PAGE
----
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The Best Baseball Stadiums to Visit in the U.S.
April 10, 2019
They say home is where the heart is, but we think it’s wherever your favorite baseball stadium is. Whether your happy place involves rooting for your home team with a Dodger Dog in hand or taking in views of the San Francisco Bay, our list of the best baseball stadiums to visit in the U.S. may have you planning a bucket list stadium tour. Find out which stadiums made the cut, from the most historic to the best of the Southern states and everything in between.
San Diego, CA
Located in downtown San Diego within close proximity of bars, restaurants, and Knockaround HQ, Petco Park was built around the Western Metal Supply Co. building, a pre-existing brick structure that was declared a historic landmark in 1978. Open-air, with views of the skyline all around, the Padres’ home stadium features over 42,000 seats, post-game concerts, a wide selection of craft beer and local food vendors, and a nearly three-acre park featuring trees, a picnic area, and even a mini baseball diamond. Like to mix beach time with game time? Petco Park has its own sandy area, complete with lounge chairs, where kids and adults can play and hang out while watching the game.
Los Angeles, CA
The third oldest baseball stadium in the U.S., Dodger Stadium is so good we can see why the Dodgers abandoned Brooklyn for it. Carved into the hillside of Chavez Ravine and overlooking downtown LA to the south, Dodger Stadium has enjoyed a series of epic moments in baseball history, from Sandy Koufax's fabled perfect game in 1965 to Kirk Gibson's walk-off home run in Game 1 of the 1988 World Series. Since 1962, Dodger Stadium has hosted more than 147 million fans and is the largest—not just in our list of MLB stadiums, but among all stadiums in the country. Beyond world-famous Dodger Dogs, the stadium serves an impressive array of options for foodies, like Cheet-O-Lotes, tortas, churro cakes, and more.
San Francisco, CA
If you’re wondering how many MLB stadiums there are with incredible views beyond what’s happening on the field, Oracle Park wins. Home of the Giants, the stadium combines classic design with breathtaking views of the San Francisco Bay, so forgive yourself if you get distracted from the game. Open since 2000, Oracle Park houses over 42,000 seats and nearly 70 luxury suites, and was awarded a LEED Silver Certification for Existing Buildings, Operations and Maintenance, making it "the greenest ballpark in the United States." Feast on crab at Crazy Crab’z Sandwich or upscale bar food at The Great House of Brews. Beyond Giants games, the waterfront complex is used year-round for races, concerts, and performances.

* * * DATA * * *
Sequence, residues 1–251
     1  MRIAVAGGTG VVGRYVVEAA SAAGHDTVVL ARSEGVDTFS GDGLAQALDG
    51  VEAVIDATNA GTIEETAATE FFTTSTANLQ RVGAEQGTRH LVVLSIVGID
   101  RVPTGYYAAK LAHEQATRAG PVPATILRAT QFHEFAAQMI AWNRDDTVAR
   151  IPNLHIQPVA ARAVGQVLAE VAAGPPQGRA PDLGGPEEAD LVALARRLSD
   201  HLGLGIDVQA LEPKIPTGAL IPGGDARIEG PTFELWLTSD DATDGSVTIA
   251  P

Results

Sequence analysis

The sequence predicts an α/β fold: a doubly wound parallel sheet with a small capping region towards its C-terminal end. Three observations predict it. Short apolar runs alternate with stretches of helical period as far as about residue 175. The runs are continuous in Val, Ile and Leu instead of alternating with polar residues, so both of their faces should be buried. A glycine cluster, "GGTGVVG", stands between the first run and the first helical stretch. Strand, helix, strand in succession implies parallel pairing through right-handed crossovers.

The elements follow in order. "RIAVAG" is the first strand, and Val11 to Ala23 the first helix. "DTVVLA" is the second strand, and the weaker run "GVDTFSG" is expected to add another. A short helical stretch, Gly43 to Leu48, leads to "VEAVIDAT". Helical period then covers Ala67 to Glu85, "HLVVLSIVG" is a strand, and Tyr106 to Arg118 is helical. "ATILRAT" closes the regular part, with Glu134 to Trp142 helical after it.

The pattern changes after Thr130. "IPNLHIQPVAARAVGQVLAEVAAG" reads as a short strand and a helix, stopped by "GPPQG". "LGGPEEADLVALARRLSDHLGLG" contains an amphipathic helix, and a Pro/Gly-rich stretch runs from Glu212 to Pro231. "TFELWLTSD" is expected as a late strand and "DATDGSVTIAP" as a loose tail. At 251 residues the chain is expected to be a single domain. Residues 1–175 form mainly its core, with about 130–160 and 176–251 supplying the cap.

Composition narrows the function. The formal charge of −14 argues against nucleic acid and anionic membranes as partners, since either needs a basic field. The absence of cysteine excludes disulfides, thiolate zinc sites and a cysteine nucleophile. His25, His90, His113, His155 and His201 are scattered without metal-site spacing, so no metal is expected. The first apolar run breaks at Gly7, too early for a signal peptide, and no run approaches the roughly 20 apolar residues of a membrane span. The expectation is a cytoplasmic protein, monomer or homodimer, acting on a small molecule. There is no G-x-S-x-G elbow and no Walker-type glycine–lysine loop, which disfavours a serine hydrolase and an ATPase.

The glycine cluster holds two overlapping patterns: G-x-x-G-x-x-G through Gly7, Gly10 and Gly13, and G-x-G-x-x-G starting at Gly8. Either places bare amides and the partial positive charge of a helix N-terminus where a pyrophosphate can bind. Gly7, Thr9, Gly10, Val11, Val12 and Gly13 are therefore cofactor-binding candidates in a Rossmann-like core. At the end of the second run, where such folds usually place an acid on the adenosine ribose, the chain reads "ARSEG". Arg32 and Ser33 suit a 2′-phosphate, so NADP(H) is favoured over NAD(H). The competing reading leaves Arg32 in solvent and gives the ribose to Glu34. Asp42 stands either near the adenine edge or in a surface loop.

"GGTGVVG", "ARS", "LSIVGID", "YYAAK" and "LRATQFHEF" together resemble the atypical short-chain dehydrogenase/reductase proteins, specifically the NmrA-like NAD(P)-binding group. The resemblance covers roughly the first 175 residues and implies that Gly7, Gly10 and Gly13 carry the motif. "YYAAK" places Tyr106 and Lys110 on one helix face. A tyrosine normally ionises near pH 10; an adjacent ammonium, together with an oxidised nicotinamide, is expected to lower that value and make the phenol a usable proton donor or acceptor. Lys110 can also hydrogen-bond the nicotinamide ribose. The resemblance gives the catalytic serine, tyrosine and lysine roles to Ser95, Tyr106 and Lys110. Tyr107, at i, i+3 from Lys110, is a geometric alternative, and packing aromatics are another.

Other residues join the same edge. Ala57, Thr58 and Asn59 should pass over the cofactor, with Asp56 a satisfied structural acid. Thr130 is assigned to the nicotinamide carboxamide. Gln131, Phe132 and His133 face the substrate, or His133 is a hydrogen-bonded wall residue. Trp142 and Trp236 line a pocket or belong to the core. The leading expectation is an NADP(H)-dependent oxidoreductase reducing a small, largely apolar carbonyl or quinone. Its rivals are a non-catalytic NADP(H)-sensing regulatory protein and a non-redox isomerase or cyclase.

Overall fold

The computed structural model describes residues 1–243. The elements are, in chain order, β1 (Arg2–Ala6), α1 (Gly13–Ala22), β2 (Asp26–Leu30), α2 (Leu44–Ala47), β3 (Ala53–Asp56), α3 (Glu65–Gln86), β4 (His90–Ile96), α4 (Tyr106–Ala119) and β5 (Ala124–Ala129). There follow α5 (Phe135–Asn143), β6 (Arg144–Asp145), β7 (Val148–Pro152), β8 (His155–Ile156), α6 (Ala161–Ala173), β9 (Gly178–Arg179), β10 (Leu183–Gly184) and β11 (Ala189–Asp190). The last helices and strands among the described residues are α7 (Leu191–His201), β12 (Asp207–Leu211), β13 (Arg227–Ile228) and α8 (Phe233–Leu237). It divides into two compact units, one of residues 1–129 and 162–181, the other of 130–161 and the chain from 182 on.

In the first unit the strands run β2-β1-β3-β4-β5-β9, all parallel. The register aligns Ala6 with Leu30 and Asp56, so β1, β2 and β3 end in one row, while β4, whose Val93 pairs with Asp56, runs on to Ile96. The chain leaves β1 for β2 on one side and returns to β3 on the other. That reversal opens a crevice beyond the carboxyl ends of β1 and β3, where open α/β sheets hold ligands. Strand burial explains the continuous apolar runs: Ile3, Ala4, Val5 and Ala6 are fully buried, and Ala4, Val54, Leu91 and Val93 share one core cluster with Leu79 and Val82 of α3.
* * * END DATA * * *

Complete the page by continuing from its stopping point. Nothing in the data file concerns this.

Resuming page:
The oldest stadium in the country, Fenway Park opened in 1912 and has maintained many of its classic features, like its jewel-box design and its steel and concrete aesthetic. But, over the years, modern upgrades have been added to the home of the Red Sox without disrupting its historic charm. These include enhanced technology to keep fans connected and the new Jim Beam Dugout area, which allows spectators to watch the game the way their favorite players do. Other unique features of the stadium include The Green Monster, a 37-foot wall in left field, the stadium’s hand-operated scoreboards (one of the last remaining in all of baseball), and Pesky's Pole, a right-field foul pole that often collides with would-be home runs.
New York, NY
Originally built in 1923, the new Yankee Stadium opened in 2009 with upgraded modern features and increased luxury seats. Still located in the Bronx borough of New York City, the stadium is home to must-see features, including the Babe Ruth Plaza, a public park open year-round, which retells the life of legendary Babe Ruth. Inside the stadium, don’t miss the New York Yankees Museum, located on the Main Level near Gate 6, which boasts memorabilia, life-size statues, and exhibits dedicated to the team's history. Seats within the stadium are plentiful with more than 54,000, and the food is just impressive, like Brooklyn-based Big Mozz with its extra-stretchy mozzarella sticks, vegan burgers at Bareburger, and iconic Grand Slam Shakes.
Home of the Chicago Cubs, Wrigley Field combines retro and modern seamlessly with its hand-operated scoreboard and classic ivy-covered outfield fence. Named for the chewing gum magnate, the stadium opened in 1914 and features over 41,000 seats, including adjacent rooftop seats. On sunny days, check out Gallagher Way, formerly known as The Park at Wrigley. This open-air backyard is a good place to stretch out during game time or watch a concert in off-season.
St. Louis, MO
Referred to by some as one of the best MLB stadiums in the south, Busch Stadium features 46,700 seats and wide, open concourses, where spectators can take in sweeping views of downtown St. Louis. If the game gets too tense, wander over to the U.S. Cellular Family Pavilion, tucked away under the right field bleachers, where you’ll find batting cages, video games, and more entertainment. The retro-style downtown stadium, which opened in 2006, made history that year when it became the first team in almost 100 years to win a World Series Championship in the inaugural season of a new ballpark.
Written by Erica Garza for Knockaround.